Improvisers like to act on impulse and it usually works for them. If they don’t succeed, they optimistically pick themselves up and get on to the next thing. They typically act as mavericks and navigate outside party norms quite well. They are normally noted for their confidence, courage and risk-taking behavior. Often these politicians tackle conflict and crisis head on with little or no consideration for consequences. One typical mistake that Improviser politicians often make is speaking too soon or inaccurately and not paying insufficient attention to their non-verbal communication.
As a politician, they are colloquial, and they thrive as the crisis manager, the negotiator, the fire fighter or trouble shooter. They seem to enjoy being active, finding ways to overcome difficulty with ease and operating effortlessly at the eleventh hour.
Some notable Improviser politicians are MIC president Datuk Seri S. Samy Vellu and caretaker Youth and Sports Minister Datuk Azalina Othman Said.
The Theorist Politician
Theorist politicians are driven to be competent and to accumulate knowledge which they use to prove or disprove an argument or idea. They value concepts, vision, efficiency, ingenuity, logic and expertise. These politicians are ingenious and innovative, searching for the underlying systems and structures that explain events.
As politicians, they have strategic intelligence. They excel at identifying the resources and methodologies needed to achieve ultimate goals. They build vision or systems that will bring success. These politicians seek to fulfill their vision and suffer no fools. They are often seen as being wise and intelligent and employ conditionals (if-then statements) and clear definitions in their communications.
Although they are part of a larger political party, they are often considered independent thinkers, and may be impatient with others who are slower or less competent. Pragmatic and skeptical, they nonetheless can be persuaded by logic and evidence.
Theorists tend to present a calm exterior, though their values and emotions are strong and deep. They are often armed with fiery rhetoric and big picture visions of future possibilities. You will also notice that a lot of them would have very strong academic or professional qualifications such as to be a doctor or lawyer.
Theorists are drawn to challenges. They will challenge others, too if they find that they have a point to make, and may withdraw if they concede or if they are proven incompetent or wrong. Based on the Malaysian population, they are the smallest temperament group, less than 10% of the population but there are quite a lot of politicians who are Theorists such as former premier Tun Dr Mahathir Mohamad, former deputy premier Datuk Seri Anwar Ibrahim, former MCA president Tun Dr Ling Liong Sik, and Wanita MCA chief Datuk Dr Ng Yen Yen.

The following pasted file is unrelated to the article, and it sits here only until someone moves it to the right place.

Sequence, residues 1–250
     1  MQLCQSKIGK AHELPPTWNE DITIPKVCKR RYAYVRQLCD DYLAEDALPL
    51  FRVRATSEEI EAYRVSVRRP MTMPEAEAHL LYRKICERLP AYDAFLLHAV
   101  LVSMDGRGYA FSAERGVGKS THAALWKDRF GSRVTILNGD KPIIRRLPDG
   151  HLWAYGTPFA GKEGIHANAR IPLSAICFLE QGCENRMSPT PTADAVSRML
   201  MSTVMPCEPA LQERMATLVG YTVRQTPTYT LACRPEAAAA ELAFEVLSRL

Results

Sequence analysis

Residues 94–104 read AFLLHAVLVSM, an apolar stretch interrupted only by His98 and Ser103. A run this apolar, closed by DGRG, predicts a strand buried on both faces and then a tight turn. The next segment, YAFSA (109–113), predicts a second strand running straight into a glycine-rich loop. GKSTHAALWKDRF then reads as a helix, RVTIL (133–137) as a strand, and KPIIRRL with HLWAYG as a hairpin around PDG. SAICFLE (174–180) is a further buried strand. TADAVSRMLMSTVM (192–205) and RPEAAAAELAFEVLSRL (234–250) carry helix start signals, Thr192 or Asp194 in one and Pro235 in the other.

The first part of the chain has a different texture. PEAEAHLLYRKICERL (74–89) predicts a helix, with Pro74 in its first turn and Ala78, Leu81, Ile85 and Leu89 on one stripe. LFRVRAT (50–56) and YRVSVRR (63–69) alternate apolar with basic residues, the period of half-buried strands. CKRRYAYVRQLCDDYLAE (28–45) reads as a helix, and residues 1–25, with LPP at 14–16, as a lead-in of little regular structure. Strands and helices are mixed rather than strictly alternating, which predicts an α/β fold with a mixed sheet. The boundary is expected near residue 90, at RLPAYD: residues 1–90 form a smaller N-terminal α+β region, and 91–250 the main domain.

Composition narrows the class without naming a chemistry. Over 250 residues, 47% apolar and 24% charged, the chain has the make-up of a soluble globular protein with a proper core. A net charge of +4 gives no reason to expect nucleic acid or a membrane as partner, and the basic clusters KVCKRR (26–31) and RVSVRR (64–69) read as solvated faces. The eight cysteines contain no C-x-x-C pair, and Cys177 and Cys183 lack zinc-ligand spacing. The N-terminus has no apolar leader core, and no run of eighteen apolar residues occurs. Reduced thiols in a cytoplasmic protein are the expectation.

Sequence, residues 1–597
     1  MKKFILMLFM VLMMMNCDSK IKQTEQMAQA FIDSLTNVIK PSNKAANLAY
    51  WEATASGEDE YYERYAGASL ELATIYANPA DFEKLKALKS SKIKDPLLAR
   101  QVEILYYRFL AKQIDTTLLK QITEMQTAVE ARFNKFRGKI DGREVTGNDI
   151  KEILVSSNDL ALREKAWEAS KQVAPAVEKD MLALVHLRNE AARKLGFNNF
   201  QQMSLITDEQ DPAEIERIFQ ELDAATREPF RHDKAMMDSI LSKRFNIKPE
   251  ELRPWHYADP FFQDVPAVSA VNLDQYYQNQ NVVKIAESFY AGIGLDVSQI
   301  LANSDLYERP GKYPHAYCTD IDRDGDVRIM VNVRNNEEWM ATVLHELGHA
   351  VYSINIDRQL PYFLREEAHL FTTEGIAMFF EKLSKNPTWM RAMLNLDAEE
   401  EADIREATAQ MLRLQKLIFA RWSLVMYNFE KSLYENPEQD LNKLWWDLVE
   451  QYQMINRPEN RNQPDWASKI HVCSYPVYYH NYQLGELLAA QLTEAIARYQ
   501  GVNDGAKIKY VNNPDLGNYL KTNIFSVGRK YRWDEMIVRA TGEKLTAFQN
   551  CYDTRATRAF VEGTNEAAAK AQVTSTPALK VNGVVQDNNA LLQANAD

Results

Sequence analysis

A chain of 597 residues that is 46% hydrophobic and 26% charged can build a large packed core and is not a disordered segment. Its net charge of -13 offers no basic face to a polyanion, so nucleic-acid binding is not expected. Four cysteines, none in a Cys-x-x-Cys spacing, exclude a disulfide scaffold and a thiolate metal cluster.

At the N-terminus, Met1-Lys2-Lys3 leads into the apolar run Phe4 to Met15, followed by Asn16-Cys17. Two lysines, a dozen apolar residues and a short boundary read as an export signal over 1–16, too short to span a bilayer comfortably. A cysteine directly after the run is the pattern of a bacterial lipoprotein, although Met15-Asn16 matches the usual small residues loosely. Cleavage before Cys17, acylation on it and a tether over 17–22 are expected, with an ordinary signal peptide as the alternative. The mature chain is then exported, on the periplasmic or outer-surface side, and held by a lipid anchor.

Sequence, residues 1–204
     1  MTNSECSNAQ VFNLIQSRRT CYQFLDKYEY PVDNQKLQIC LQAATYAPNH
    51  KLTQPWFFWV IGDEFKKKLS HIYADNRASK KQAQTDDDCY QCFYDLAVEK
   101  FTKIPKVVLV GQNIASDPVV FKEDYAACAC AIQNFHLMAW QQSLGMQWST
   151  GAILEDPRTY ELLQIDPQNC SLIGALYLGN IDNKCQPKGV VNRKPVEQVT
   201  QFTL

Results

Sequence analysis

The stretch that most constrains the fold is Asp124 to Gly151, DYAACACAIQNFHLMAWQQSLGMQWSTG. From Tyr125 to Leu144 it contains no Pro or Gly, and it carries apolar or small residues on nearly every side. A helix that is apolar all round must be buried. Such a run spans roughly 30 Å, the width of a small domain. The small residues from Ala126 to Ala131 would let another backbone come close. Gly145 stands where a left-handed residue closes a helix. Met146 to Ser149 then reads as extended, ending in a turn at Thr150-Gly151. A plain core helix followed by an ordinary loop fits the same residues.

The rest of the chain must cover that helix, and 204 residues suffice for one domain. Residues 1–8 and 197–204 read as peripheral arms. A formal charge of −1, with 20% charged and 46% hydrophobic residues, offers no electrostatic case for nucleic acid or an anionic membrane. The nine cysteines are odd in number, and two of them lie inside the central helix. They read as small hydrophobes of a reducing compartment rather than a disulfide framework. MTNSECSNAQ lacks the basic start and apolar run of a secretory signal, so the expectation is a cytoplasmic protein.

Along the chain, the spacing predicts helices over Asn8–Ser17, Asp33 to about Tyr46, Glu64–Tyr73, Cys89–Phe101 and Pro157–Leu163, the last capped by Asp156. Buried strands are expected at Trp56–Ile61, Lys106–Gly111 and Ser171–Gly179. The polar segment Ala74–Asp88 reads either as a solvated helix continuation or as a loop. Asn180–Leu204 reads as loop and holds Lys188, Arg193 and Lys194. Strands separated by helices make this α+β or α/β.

The Catalyst Politician
Catalyst politicians have an overwhelming need to find meaning and significance in their lives. They value relationships highly. They seek empathic relationships where they can grow while cultivating others. As politicians, they are considerate, imaginative and appreciate the uniqueness and potential of each individual. They believe people should be sincere and true.
These politicians are blessed with diplomatic intelligence. They shine at bringing people together, helping them see the best in each other. They have extraordinary talent for insight or intuition and a flair for communication. They are somewhat charismatic, and they tend to build rapport well.
Catalysts respect morality and ethical conduct and will speak out when their principles are dishonoured. They have a vision of the ideal and trust that, by expecting the best from everyone, the world can excel toward their vision. Catalysts find discord and unrest stressful. Accordingly, they work for consensus and avoid confrontation.
Slightly more than 15% of the Malaysian population falls into this temperament. However, few Catalysts are drawn to being politicians because most of them find it hard to stay true to their mission of being a politician and the need to satisfy the masses. Some examples of the Catalyst politician are PAS spiritual adviser and Kelantan menteri besar Datuk Nik Abdul Aziz Nik Mat, caretaker Minister for Women, Family and Community Development Datuk Seri Shahrizat Abdul Jalil, and Parti Keadilan Rakyat president Datin Seri Dr Wan Azizah Wan Ismail.
To sum up, most often during the election campaign, you’ll find politicians trying to fulfill what’s necessary to succeed as an election candidate, but once in office you’ll see that their Temperament will ultimately play a large role in determining their success as politicians.
From my experience talking to voters, it is very clear that people are attracted to those who are similar to them from a core values perspective or by their temperament. My hope is that voters will take some time to get to know their candidates well, to understand their stand on issues, their values and their style of working, rather than their promises.
Part 2 to come: How Temperament influences how we vote
Daniel Liew is managing director of Direct Results Asia Pacific Consultancy Sdn Bhd. He is an organisational development specialist, focusing on helping organisations grow and honour individual differences. He is a leading expert in